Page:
Source: Bureau of Labor Statistics.

Neither biofuels nor energy provide a good explanation for increases in food prices.

Increases in food price inflation do not correlate well to either biofuel production or energy price data.

Increases in food price inflation do not correlate well to either biofuel production or energy price data.

Even a Congressional Budget Office study requested by Members of Congress who wanted to make a case that biofuels’ were raising the cost of government food programs could only find a 10 percent to 15 percent impact on food prices from biofuels. That study showed that nearly two-thirds of the price increases could not be explained by either biofuels or energy prices.

Of the 5.1 percent CPI increase for food between April 2007 and April 2008, energy had a larger effect than biofuels. But even together, they account for a fraction of food price inflation:


0.5 to 0.8

10 to 16%




Other Causes

3.2 to 3.5

62 to 68%

Source: Congressional Budget Office, “The Impact of Ethanol Use on Food Prices and Greenhouse-Gas Emissions,” April 2009

So why is GMA resurrecting its campaign to blame biofuels for food price increases? (See also their letter to Sen. Boxer from a few weeks ago.) Likely because it was a very profitable strategy for them last year and it continues to work, at least with half the time.

Land O’Lakes


Kraft Foods


Sara Lee


General Mills


Kellogg Co.


Source: 2020 Project,

Global Sustainable Bioenergy Initiative Discussed at World Congress

Professor Lee Lynd of Dartmouth, who is also the CSO of Mascoma, addressed a plenary session the 2009 BIO World Congress on Industrial Biotechnology. He gave additional insight on the article he coauthored with David Tilman et al in a recent issue of Science and discussed the initiative that led to the article.

According to Lynd, it has been suggessted that we should forego the biofuel option, but before we do we should ask three questions: What are the alternatives? What benefits do we miss if we forego biofuels? and Can biofuel land use challenges be resolved gracefully.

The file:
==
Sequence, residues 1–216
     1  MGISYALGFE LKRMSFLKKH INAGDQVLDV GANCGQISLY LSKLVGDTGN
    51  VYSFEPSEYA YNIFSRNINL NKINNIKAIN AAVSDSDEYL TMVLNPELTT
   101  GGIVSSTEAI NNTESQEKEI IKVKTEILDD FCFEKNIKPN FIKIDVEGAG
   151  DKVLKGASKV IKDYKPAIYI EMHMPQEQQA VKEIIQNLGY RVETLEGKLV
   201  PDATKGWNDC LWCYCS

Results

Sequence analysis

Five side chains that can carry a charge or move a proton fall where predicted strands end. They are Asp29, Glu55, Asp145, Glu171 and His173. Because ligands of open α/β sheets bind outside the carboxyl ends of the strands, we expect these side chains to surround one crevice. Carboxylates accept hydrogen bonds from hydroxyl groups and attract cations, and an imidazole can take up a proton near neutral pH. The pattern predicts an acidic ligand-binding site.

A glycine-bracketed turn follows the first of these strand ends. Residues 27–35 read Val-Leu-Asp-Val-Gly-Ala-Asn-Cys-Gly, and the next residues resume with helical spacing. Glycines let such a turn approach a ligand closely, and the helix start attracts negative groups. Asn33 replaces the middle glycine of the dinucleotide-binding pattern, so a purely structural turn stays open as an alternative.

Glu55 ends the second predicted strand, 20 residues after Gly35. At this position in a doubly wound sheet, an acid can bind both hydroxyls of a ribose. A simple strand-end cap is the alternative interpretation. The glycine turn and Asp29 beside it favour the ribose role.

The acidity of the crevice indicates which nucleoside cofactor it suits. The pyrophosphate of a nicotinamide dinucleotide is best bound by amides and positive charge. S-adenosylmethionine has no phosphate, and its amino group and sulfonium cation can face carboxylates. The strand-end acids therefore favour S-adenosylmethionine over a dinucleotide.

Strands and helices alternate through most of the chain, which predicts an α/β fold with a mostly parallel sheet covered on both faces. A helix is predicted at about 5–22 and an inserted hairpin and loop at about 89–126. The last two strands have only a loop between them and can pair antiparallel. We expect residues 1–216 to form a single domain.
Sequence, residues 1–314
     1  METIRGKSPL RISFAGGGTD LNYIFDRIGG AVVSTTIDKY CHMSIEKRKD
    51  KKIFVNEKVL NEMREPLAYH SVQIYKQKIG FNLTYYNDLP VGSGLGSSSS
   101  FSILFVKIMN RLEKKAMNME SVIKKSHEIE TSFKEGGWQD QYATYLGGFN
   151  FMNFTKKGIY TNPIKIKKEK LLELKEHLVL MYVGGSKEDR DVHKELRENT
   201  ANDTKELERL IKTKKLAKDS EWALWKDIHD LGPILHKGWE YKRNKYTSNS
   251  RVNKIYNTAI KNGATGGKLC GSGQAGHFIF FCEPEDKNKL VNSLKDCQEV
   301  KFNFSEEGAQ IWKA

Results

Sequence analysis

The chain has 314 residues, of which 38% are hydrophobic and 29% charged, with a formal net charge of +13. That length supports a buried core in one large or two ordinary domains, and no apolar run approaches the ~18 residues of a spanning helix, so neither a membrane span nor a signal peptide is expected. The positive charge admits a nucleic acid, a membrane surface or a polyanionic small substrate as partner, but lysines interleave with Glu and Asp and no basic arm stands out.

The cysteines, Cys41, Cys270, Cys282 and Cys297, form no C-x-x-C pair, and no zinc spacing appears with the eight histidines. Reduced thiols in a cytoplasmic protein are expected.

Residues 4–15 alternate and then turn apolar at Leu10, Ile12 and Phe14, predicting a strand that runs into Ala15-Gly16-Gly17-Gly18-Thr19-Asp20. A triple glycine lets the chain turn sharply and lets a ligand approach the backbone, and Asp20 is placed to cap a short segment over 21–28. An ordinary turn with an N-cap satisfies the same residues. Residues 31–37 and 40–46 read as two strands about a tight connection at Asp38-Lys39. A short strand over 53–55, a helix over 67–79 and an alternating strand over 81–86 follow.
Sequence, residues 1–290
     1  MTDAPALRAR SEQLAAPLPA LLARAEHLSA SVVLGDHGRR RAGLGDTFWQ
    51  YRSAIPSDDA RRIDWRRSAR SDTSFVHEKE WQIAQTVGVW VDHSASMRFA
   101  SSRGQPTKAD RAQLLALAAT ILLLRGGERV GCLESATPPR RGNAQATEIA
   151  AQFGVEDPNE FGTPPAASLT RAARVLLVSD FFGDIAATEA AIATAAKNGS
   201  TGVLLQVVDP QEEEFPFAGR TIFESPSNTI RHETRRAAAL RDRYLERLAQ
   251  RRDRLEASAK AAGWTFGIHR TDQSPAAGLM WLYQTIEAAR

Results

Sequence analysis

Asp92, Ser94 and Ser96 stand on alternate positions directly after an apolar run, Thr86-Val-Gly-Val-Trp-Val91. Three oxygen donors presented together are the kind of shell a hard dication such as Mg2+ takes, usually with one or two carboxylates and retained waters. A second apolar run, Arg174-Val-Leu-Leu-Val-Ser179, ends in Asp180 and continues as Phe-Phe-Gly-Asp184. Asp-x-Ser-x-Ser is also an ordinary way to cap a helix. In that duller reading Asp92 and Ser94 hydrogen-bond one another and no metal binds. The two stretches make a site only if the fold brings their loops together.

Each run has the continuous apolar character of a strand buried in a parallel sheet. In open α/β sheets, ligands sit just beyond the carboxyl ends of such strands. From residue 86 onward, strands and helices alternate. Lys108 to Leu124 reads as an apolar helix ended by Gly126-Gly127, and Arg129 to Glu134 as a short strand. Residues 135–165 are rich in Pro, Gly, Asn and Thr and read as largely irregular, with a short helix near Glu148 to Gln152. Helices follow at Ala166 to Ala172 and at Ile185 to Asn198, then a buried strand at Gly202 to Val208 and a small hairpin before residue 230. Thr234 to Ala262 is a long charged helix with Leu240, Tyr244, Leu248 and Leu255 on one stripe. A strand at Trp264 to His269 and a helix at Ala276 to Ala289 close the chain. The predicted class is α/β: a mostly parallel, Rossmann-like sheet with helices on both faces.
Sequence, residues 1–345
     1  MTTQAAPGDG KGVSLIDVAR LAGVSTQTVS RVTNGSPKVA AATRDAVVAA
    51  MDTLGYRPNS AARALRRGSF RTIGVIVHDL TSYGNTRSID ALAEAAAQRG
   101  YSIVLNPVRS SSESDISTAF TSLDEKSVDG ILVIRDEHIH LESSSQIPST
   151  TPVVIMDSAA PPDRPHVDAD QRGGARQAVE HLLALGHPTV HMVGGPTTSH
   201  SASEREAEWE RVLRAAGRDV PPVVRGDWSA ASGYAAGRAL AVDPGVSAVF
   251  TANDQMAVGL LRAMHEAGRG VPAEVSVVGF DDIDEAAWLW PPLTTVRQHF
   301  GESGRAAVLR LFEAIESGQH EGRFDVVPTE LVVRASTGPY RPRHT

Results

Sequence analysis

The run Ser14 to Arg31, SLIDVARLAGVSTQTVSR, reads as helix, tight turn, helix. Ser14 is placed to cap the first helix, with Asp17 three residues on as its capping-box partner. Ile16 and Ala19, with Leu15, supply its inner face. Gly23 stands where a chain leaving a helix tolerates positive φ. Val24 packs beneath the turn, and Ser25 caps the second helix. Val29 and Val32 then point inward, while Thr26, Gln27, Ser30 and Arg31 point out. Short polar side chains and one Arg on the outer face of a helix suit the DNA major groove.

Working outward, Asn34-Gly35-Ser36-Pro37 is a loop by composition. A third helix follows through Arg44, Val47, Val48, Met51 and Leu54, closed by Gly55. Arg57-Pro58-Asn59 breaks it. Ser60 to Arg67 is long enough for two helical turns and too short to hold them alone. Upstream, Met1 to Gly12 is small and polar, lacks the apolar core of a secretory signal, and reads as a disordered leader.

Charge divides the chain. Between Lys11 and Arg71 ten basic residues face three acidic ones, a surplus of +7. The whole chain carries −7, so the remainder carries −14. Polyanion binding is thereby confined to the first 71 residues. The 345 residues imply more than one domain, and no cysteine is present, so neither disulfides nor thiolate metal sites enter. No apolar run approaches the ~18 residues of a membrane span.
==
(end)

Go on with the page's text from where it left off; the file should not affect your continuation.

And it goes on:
Lynd says the new initiative starts from the premise that very large scale biofuel production — enough to meet 25 percent of world demand, which is the threshhold for making a significant contribution to oil replacement and environmental benefits — can be reconciled with food production and land use.

Lynd outlined the choice as either planning for a world of 10 billion people who have access to modern energy services or accepting a world of poverty.

Comparing Energy Sources

Stanford University Professor Mark Z. Jacobson recently published a new paper in the journal Energy & Environmental Science, “Review of solutions to global warming, air pollution, and energy security.” According to Stanford News Writer Louis Bergeron,

Jacobson has conducted the first quantitative, scientific evaluation of the proposed, major, energy-related solutions by assessing not only their potential for delivering energy for electricity and vehicles, but also their impacts on global warming, human health, energy security, water supply, space requirements, wildlife, water pollution, reliability and sustainability.”

The paper claims to demonstrate that wind and solar power are preferable options to nuclear power and biofuels. Of course, Professor Jacobson makes all the best-case assumptions in favor of wind and solar power and all the worst-case assumptions about biofuels and nuclear power, saying, for example, that there is a limit of 30 percent market share for biofuels but no limit to other technologies. In his words, wind and solar power “could theoretically power the entire US onroad vehicle fleet.” He takes this assumption despite the significant hurdle and cost to consumers of replacing that entire internal combustion fleet with electric vehicles.